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I came up with the idea
of that zoom of that lens
changing as he gets closer and closer.
I used a piece of that heat vision
that looked like the reflection of an eye
and I put two frames in,
then I think a black frame.
Whatever I created was consistent
throughout the whole film.
Al Di Sarro on the film's weaponry:
The Mexico military had to keep the guns.
Our weapons specialist would load them
and, in fact, the military helped.
We had that big GE,
the Gatling gun that Jesse Ventura used.
That was quite a rig. It never worked.
They had nothing but problems with it,
nothing but problems with the guns.
The gun house, Stembridge, sent out
a guy by the name of Mike Papac.
We became, and still are to this day,
the best of friends.
He is now probably one of
Hollywood's top prop guys
and probably one of the biggest
owners of a large variety of weapons.
He set up a work station in
our special-effects trailer.
Not only is that where we spend
more time than we do in our homes,
but it's where all the creative
thoughts and decisions are made,
and mechanically and physically
put into effect.
He and I rebuilt the Gatling gun,
got it working.
There were a lot of old parts on the gun.
We had to fabricate some new pieces.
We had to retap, rethread some new holes,
we rewired the thing, we simplified it.
He tore the whole thing down.
He actually field-stripped that weapon,
which scared me
because it was in so many pieces
I didn't think it would ever go back together.
It was a real weapon,
but there's a lot that goes into
making a studio gun an efficient gun.
You don'tjust put a blank in
an automatic weapon and fire it.
The blank doesn't create enough gas
in the chamber to eject the shell.
What you have to do is drill
the barrel out and tap it,
and you put a plug in the end of the barrel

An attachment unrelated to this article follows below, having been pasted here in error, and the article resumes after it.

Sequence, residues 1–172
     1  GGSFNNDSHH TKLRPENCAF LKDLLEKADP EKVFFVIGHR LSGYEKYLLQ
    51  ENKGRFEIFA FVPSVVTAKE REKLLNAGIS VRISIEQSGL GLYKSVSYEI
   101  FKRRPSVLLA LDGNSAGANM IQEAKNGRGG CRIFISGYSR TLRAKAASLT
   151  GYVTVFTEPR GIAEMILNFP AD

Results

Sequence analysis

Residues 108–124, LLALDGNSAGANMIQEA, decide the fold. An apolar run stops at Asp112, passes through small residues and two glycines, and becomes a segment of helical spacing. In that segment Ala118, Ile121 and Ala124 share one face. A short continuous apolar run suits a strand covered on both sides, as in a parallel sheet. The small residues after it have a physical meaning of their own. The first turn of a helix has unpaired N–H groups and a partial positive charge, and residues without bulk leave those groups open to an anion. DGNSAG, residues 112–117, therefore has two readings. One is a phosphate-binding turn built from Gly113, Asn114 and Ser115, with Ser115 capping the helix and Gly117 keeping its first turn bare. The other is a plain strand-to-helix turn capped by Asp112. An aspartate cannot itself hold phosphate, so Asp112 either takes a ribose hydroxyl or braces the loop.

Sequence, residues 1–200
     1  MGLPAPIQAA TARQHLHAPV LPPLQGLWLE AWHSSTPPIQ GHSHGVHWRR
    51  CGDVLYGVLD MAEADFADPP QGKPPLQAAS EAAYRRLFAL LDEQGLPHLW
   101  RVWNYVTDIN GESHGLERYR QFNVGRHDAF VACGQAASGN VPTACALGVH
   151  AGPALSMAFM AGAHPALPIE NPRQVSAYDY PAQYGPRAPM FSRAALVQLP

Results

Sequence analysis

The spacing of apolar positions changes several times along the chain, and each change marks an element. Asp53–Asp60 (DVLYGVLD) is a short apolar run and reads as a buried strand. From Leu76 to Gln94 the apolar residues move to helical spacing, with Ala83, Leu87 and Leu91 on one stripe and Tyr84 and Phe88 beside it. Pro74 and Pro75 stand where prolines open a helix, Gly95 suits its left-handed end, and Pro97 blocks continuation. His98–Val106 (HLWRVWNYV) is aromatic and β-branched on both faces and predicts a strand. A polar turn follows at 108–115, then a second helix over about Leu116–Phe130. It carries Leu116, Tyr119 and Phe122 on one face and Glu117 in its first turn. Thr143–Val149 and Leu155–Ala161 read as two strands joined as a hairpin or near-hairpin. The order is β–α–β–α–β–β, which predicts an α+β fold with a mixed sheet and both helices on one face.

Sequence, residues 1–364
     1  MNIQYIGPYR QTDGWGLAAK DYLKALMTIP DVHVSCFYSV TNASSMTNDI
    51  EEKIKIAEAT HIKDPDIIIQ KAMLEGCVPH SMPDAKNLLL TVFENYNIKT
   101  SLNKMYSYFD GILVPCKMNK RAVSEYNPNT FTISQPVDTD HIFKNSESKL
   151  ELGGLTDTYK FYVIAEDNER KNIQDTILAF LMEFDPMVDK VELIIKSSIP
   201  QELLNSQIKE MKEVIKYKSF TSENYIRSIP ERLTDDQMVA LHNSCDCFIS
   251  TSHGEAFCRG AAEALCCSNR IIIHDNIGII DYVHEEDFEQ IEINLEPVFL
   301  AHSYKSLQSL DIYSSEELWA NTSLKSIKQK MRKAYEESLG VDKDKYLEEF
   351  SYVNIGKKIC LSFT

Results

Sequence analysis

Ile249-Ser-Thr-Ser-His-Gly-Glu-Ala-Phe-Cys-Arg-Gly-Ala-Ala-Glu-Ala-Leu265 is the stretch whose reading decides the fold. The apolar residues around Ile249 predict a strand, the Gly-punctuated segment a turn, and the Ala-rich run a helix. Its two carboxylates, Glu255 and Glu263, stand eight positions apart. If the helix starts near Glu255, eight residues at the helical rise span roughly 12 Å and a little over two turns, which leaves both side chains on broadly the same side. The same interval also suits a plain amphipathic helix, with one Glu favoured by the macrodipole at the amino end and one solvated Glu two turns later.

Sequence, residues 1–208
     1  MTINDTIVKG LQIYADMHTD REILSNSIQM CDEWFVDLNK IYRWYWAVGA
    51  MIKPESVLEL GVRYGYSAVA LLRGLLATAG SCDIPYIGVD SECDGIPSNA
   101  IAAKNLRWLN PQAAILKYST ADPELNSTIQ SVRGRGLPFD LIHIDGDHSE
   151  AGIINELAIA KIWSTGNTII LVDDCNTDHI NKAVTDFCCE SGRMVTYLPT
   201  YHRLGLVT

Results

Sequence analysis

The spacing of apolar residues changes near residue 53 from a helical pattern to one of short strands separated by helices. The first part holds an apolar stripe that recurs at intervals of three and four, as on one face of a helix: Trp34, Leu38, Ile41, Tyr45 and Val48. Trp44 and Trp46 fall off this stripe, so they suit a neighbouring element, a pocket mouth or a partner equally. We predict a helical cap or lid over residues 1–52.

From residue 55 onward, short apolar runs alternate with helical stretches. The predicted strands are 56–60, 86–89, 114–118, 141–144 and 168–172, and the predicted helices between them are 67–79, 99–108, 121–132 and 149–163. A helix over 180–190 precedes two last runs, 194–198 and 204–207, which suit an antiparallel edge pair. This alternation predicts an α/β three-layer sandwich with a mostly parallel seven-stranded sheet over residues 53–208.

and in that plug you drill a hole.
What that does is restrict the gas.
The right-size hole creates enough pressure
in the barrel to eject the shell
and it creates a bigger muzzle flash.
Perhaps the movie's
most memorable sequence
is the one in which the commandos
unleash their fire power into the jungle.
(Di Sarro)
We called that the "mow-down" sequence.
And we actually were out in
thatjungle for two weeks, maybe more.
We had a crew out there doing
nothing but wiring explosives.
We just let the good times roll on
that one. It was awesome, wasn't it?
We had thousands of SD-100s,
from De La Mare Engineering,
which is about
the biggest charge you could set,
and hundreds of feet of 100-grain primer cord
which burns at a rate of
25,000 feet per second.
That's what was actually
cutting the trees in half.
That was one of Joel Silver's favourite things.
David Stone and Richard Anderson
on the sound of the Minigun:
(Stone) Whatever kind of blanks
or propane gas that it shot
to create the visual in production,
they were very proud
that it shot 400 rounds a minute.
That means it's a high-frequency event.
The higher the frequency, the less
alarming it sounds - it's just a buzz.
There's nothing on our planet
that comes as close to the sound of that gun
as a gas-powered leaf-blower.
The challenge was to make a gun that
sounded macho and bitching and scary,
that had enough low-end material
to be foreboding,
that would still appear
to fire off nearly that many rounds.
(Anderson) We used a US Army
50mm machine gun, mounted on a tank.
The problem is, they don't fire really fast.
(Stone) We had to find a way
to speed up their frequency
without losing their fearsomeness.
We tried cutting them close together,
but if we cut them too close,
we were back to sounding like the original.
We cut a number of these. 50 calibres
together, with sweeteners,
and then had to layer them
on tracks to multiply them.
(Anderson) So it was staggered: One would
go in the space between two others.
Then we added in the


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